Poole Harbour osprey breeding project begins
A project that aims to restore osprey to their former breeding grounds in the south of England will begin in July.
The five-year "translocation" scheme involves transferring six week-old chicks from sustainable populations in Scotland to Poole Harbour, Dorset.
It is being led by the Birds of Poole Harbour, Roy Dennis Wildlife Foundation and Wildlife Windows charities.
Ospreys historically bred across all of the UK but populations "drastically declined" in the Middle Ages.
The birds of prey are annual visitors to Poole Harbour as they migrate between their winter-homes in West Africa and breeding grounds in Scotland and at Rutland Water in the east Midlands.
Over the past eight years, efforts by the RSPB in Poole Harbour to encourage the birds to stay and breed have proved unsuccessful.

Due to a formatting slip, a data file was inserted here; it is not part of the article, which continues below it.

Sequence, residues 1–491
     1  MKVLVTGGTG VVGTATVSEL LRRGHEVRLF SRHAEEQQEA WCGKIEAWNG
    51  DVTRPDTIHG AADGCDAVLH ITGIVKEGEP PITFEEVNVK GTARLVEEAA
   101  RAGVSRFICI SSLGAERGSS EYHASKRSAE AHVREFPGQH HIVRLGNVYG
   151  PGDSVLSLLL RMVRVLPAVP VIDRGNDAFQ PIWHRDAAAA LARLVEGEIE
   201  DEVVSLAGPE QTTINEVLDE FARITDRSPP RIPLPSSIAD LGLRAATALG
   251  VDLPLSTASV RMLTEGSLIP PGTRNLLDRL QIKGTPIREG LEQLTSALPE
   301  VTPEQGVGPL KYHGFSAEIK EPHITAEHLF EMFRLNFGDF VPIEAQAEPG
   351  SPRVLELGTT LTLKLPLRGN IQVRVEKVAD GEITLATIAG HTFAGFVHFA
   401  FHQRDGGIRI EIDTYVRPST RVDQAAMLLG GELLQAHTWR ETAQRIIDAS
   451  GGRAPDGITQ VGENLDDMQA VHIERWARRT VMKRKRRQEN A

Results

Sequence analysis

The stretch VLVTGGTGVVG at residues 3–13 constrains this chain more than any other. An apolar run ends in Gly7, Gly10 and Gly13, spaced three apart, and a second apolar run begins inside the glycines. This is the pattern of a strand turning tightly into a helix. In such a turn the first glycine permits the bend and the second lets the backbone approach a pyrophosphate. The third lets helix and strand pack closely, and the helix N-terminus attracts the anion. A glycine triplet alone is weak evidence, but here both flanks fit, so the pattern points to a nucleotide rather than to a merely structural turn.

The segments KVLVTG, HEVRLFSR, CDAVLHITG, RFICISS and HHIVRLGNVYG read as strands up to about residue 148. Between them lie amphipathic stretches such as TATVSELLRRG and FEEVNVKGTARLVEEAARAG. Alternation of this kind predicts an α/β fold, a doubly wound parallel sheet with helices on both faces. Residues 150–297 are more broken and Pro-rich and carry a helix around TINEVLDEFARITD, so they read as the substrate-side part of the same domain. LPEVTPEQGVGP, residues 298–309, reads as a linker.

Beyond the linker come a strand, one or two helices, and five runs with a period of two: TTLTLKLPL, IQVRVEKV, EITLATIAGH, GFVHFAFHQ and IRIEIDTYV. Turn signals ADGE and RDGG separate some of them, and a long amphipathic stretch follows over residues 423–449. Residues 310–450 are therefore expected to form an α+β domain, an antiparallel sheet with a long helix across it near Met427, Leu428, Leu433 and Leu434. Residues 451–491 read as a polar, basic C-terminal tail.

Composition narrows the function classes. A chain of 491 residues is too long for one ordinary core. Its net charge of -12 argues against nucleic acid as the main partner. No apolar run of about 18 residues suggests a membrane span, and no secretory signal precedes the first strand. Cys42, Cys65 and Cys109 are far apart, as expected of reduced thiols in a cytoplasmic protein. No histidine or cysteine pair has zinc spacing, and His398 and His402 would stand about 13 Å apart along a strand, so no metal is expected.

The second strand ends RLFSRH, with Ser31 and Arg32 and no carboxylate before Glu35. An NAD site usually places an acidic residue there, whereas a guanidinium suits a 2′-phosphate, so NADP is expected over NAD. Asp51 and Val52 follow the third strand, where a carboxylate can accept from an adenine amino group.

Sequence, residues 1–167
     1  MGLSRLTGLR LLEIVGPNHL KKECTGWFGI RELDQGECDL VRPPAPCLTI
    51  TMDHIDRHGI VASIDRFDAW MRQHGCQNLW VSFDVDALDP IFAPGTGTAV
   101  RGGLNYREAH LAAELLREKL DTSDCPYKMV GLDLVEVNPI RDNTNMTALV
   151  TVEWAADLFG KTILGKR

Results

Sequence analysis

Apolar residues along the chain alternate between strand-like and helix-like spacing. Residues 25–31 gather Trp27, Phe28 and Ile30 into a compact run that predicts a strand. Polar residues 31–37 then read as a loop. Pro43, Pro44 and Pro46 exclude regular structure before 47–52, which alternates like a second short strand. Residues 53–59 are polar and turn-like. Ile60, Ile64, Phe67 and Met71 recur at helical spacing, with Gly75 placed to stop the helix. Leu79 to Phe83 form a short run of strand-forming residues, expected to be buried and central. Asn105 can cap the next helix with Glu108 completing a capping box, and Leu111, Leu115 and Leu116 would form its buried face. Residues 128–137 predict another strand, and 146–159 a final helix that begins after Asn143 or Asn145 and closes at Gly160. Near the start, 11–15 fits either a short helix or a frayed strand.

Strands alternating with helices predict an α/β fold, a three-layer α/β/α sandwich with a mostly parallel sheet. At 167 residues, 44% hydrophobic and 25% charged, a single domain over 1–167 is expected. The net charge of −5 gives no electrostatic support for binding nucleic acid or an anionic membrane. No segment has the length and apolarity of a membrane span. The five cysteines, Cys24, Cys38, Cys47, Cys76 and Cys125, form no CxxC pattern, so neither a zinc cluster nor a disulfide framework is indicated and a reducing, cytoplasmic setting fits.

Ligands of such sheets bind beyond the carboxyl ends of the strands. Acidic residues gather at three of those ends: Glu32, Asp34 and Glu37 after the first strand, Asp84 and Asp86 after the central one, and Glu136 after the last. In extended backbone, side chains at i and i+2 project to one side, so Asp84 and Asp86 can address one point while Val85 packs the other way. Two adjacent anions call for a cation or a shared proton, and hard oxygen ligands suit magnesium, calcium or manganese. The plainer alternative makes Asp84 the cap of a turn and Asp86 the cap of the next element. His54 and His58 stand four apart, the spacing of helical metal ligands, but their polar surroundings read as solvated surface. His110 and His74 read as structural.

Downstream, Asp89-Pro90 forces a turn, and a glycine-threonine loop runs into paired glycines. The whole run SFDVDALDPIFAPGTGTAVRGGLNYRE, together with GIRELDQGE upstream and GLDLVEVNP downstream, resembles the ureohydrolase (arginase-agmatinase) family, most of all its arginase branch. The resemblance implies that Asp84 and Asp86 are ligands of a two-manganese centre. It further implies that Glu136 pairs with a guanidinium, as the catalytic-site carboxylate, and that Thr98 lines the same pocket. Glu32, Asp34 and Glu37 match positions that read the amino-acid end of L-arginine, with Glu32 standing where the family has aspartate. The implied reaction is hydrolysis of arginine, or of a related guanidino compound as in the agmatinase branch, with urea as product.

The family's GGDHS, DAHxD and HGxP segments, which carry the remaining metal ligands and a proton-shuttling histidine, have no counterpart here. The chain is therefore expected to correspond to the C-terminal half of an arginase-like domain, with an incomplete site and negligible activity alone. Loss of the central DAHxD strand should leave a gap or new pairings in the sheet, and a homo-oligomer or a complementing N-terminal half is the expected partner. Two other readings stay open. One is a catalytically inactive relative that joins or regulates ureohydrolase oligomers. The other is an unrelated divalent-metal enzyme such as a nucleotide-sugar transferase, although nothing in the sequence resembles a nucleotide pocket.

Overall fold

Roy Dennis and Tim Mackrill, of the Roy Dennis Wildlife Foundation, said translocation was the "next logical step".
Once collected the chicks will be held in large holding pens in Poole for up to three weeks, before being released at the end of July and provided with fresh fish on artificial nests.
They will then migrate to West Africa in August before hopefully returning to Poole.
However, they are not expected to start breeding there until 2020 at the earliest.
Similar work has also taken place in Spain, Italy, Portugal and Switzerland.